ADR UK has responded to a new inquiry by the House of Commons Science and Technology Committee: ‘The right to privacy: digital data’. This inquiry is exploring the ways data is currently shared and used across government, the public sector, and industry, as well as the need to balance people’s privacy with the need for effective data use.
Sharing data across and between public bodies and other organisations has the potential to enable many social, environmental and economic benefits. This includes improving healthcare services and facilitating insights which progress research and innovation. Sharing data also allows researchers to spot patterns and improve our understanding of important topics that benefit the public, like medicine.
However, sharing data also raises important questions regarding privacy and ownership of personal data. Risks posed by data sharing include putting individuals’ rights to privacy in jeopardy or losing the public’s trust in data security due to poor data governance. Our response touched on possible solutions to these challenges.
We commented on five topics suggested by the Science and Technology Committee. Our thoughts are as follows:
- Sharing data benefits evidence-based policymaking across the full range of policy areas including crime and justice, health and wellbeing, children and young people, and housing and communities.
- There should be a more holistic approach to how health data is utilised for research in England. We should build on existing good practice such as the Digital Economy Act accredited trusted research environments model which allows researchers to access data securely, without the need for data to be released.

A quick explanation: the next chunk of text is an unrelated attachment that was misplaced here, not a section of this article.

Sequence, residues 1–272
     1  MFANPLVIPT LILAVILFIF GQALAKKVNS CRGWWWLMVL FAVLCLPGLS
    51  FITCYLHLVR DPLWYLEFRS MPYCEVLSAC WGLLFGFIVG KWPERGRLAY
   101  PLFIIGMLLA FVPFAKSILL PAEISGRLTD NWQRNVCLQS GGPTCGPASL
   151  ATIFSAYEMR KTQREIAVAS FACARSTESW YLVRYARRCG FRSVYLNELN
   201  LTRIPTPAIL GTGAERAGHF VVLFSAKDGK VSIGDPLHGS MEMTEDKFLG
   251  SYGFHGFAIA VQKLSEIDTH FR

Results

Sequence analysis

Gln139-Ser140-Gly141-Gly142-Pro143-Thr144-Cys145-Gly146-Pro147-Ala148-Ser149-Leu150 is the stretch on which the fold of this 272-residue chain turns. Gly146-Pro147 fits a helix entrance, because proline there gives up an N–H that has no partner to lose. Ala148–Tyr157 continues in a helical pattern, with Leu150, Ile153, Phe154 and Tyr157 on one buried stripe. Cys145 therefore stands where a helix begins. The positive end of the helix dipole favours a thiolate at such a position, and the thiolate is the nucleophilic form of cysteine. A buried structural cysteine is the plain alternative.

- ADR UK are committed to reassuring the public that their data is secure by ensuring all our trusted research environments adhere to the ‘Five Safes’. We also embed public engagement throughout our work, through panels, steering committees, workshops, and by following our five public engagement principles.
- Complete anonymisation of data may not always be appropriate or possible if data is to have utility for research purposes. If de-identified information is accessed via a trusted research environment that is accredited under a suitable process and, as such, meets all the required security standards, then the de-identified data can be considered functionally anonymised. This is possible through a combination of the actions taken to create the de-identified dataset, and the environment in which the dataset is accessed.
- Existing governance arrangements in England for decision-making around the creation of linked administrative and health datasets, to support research in the public good, are not currently fit for purpose. ADR UK would like to collaborate with NHS Digital and other related parties on the development of a framework to facilitate better decision-making, similar to those already in place in Wales and Scotland.
Overall, we welcome the House of Commons Science and Technology Committee seeking insight into data sharing. We also welcome the specific focus on health, since understanding the social and environmental determinants of health is one of our key research themes and an area in which data sharing can improve lives. We are looking forward to seeing our feedback reflected in future strategies.
Read ADR UK’s full response